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Old 03-31-2011, 09:48 PM   #1
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12-Year-Old Genius Expands Einstein's Theory of Relativity, Thinks He Can Prove It

Could Einstein's Theory of Relativity be a few mathematical equations away from being disproved? Jacob Barnett of Hamilton County, Ind., who is just weeks shy of his 13th birthday, thinks so. And, he's got the solutions to prove it.

Barnett, who has an IQ of 170, explained his expanded theory of relativity — in a YouTube video. His mother Kristine Barnett, who admittedly flunked math, did what every other mother would do if her genius son started talking mathematical gibberish. She told him to explain the whole thing slowly while she taped her son explaining his take on the theory.

(More on TIME.com: See the top 10 troubled-genius movies)

While most of his mathematical genius goes over our heads, some professors at the Institute for Advanced Study in Princeton, New Jersey — you know, the U.S. academic homeroom for the likes of Albert Einstein, J. Robert Oppenheimer, and Kurt Gödel — have confirmed he's on the right track to coming up with something completely new. For now, they're encouraging Barnett to continue doing what he likes to do, which is explaining calculus using a whiteboard marker and his living room windows as seen in the video above.

“I'm impressed by his interest in physics and the amount that he has learned so far,” Institute for Advanced Study Professor Scott Tremaine wrote in an email to the family. “The theory that he's working on involves several of the toughest problems in astrophysics and theoretical physics.”

“Anyone who solves these will be in line for a Nobel Prize,” he added.

(More on TIME.com: See the 15 smartest toys for young geniuses)

Barnett's parents knew that there was something different with their son when he didn't speak until the age of two. He was diagnosed with Asperger's syndrome, a mild form of autism, so they thought he might have problems in school. Instead, they were astounded when he started solving 5,000 piece puzzles by the age of 3. The 12-year-old taught himself calculus, algebra and geometry in two weeks, and can solve up to 200 numbers of Pi. He left high school at the ripe old age of eight and has been attending college-level advanced astrophysics classes ever since.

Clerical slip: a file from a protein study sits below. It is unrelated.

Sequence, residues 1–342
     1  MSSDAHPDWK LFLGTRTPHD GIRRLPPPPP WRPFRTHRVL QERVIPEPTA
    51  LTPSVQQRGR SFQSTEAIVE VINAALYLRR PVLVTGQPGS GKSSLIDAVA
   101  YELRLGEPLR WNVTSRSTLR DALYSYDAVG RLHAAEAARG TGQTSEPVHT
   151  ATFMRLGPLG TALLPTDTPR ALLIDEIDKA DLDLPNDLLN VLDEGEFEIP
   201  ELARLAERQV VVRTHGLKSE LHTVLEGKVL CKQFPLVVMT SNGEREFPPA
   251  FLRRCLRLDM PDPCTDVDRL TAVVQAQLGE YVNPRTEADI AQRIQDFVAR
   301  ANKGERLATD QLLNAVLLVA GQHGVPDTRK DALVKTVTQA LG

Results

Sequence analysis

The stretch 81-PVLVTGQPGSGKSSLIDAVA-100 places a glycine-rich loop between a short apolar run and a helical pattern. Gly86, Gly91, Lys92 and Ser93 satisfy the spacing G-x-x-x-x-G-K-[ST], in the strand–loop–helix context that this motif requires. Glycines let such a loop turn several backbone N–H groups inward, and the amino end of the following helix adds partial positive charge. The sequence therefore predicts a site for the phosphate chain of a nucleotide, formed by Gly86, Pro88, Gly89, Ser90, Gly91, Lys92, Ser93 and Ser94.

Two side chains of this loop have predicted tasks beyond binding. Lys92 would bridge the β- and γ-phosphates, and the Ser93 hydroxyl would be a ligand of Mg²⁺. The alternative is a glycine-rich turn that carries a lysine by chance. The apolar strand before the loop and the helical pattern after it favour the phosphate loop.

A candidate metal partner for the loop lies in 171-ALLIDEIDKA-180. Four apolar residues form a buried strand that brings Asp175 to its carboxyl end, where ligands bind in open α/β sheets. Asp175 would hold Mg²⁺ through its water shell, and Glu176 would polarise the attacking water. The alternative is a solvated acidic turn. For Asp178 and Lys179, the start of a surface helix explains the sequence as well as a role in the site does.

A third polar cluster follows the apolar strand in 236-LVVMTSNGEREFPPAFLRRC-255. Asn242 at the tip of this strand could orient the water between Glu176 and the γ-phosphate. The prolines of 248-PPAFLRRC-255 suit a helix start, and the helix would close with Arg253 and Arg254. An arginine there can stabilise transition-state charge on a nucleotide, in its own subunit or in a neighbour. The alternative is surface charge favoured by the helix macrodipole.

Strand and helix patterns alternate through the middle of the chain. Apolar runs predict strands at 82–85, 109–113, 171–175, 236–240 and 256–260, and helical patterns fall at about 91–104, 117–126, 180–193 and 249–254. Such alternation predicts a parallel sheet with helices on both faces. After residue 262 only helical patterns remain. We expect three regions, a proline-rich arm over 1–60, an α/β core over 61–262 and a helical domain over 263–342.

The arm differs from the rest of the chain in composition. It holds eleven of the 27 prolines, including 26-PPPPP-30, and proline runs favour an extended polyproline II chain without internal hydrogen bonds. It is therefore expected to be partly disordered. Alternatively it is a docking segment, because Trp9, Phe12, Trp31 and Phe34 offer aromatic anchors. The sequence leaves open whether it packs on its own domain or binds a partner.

Right now, Barnett is being recruited by Indiana University - Purdue University Indianapolis for a paid research position. We figure he'll find a way to pencil that in between dating his girlfriend and playing Halo: Reach, one of his favorite video games. Yes, he can play classical music by memory on the piano, but he also enjoys watching shows on the Disney Channel and sci-fi movies. In many ways, he's your typical 12-year-old boy.

Einstein was 26 when he first published his Theory of Relativity. We figure that Jake has a couple of years to kick back and relax before he finally debunks the big bang theory.

“I'm still working on that,” he said. “I have an idea, but… I'm still working out the details."

12-Year-Old Genius Expands Einstein’s Theory of Relativity, Thinks He Can Prove It Wrong - TIME NewsFeed
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Old 04-01-2011, 09:01 AM   #2
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Originally Posted by Rusty View Post
Could Einstein's Theory of Relativity be a few mathematical equations away from being disproved?


NO.
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Old 04-01-2011, 09:26 AM   #3
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Originally Posted by xman5 View Post
NO.
Definitely no and not anytime soon by this kid.

The response by Institute prof that: